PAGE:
Fossil

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Fossils are the remains of organisms from the distant past embedded and preserved in the earth's crust. Fossils may be any sort of organism, from a single-celled bacteria to a tree leaf to a dinosaur, and may be anywhere from ten thousand to several billion years old. They usually consist of parts of the organism which were mineralized during the organism's lifetime, such as bones and exoskeletons.

Transitional Fossils

A transitional fossil is one that bridges the evolutionary gap between two previously discovered organisms. A fossil which is transitional between two species will typically have some features of both, and several features which are developed halfway between the two.

Creationists claim that there is a lack of transitions in the fossil record in order to argue against evolution, but this is far from the truth. There are thousands of transitional forms. The following are some definitive examples of transitional forms between major extinct genuses and modern ones:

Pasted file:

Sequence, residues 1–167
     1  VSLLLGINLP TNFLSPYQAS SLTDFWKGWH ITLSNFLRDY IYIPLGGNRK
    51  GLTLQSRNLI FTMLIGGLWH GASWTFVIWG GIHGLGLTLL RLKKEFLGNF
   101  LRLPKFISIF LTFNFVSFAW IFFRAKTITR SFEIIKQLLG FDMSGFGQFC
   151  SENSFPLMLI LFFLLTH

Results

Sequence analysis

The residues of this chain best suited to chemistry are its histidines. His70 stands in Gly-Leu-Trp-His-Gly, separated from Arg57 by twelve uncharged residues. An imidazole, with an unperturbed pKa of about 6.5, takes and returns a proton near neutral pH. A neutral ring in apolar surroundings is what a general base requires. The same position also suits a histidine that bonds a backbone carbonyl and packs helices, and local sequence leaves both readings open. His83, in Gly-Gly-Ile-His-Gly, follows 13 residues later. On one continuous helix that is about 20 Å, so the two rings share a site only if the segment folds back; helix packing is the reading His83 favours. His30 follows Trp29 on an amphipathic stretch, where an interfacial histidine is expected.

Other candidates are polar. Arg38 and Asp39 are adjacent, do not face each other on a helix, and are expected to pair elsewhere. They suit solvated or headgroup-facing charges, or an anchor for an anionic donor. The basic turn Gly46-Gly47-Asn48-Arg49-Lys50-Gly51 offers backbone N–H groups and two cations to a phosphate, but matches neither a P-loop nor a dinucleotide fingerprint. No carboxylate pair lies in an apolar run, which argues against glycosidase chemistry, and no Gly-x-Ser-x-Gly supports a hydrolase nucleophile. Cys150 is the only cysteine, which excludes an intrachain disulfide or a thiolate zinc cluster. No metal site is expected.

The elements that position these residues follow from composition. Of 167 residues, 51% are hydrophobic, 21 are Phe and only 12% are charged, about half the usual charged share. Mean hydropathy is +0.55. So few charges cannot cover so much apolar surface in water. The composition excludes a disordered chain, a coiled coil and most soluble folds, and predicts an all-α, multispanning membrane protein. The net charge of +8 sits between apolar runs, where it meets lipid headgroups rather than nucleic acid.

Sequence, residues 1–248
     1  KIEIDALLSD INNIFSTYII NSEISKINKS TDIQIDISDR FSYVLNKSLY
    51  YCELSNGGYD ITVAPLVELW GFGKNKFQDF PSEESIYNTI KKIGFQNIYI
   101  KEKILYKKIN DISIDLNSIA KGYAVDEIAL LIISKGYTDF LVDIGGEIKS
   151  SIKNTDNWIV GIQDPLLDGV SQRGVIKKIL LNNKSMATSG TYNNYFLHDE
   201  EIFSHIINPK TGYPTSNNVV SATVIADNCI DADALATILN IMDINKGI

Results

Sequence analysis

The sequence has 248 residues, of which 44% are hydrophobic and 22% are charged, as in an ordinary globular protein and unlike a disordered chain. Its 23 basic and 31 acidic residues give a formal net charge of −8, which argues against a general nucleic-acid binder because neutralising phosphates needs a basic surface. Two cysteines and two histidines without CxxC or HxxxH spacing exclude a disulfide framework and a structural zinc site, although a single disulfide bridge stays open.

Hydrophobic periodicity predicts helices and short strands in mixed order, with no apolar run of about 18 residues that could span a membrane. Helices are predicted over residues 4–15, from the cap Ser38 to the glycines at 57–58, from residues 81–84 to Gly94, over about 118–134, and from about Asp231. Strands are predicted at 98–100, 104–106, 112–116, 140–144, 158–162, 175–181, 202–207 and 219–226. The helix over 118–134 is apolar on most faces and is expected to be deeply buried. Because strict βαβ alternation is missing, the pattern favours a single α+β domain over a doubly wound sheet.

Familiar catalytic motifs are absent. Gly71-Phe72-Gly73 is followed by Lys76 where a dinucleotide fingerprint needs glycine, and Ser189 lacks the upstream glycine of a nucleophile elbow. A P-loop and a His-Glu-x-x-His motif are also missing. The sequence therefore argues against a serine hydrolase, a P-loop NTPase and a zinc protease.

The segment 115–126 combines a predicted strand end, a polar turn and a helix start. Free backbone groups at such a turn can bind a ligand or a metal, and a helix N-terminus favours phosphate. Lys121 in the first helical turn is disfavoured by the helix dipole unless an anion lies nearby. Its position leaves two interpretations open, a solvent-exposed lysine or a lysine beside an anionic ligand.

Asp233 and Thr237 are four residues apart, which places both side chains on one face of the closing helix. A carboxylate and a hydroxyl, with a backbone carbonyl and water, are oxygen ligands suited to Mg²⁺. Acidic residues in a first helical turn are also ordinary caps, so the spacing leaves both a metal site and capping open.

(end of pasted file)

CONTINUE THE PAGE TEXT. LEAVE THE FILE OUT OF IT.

1. Archaeopteryx, an intermediate form between theropod dinosaurs and modern birds, has both reptilian teeth and avian feathers, large wings but sideways shoulder joints, along with several features common to both.
  2. Tiktaalik, an intermediate form between fish and amphibians. It had gills and scales like a fish, lungs and rib bones and a movable neck like an amphibian, and fish-like fins with limb bones and a fully functional wrist joint with simple fingers.

Fossil Record Gaps

The argument that there are gaps in the fossil record, used by apologists, basically amounts to a claim that there are no transitional forms between the transitional forms we've already discovered.

This argument

  1. misunderstands what constitutes a transitional feature.
  2. ignores the large number of fossils found.
  3. denies the transitions those fossils represent.
  4. is ignorant of the fossilization process.
  5. creates an expectation of accuracy far beyond what is necessary to illustrate transition.
  6. dismisses definitive examples of transitional forms, focusing on the ones that remain undiscovered.
  7. theoretically moves the goalposts every time a "gap" is filled, as each discovery of a transitional form creates two new gaps.
  8. is profoundly ignorant of the mechanisms of evolution itself.
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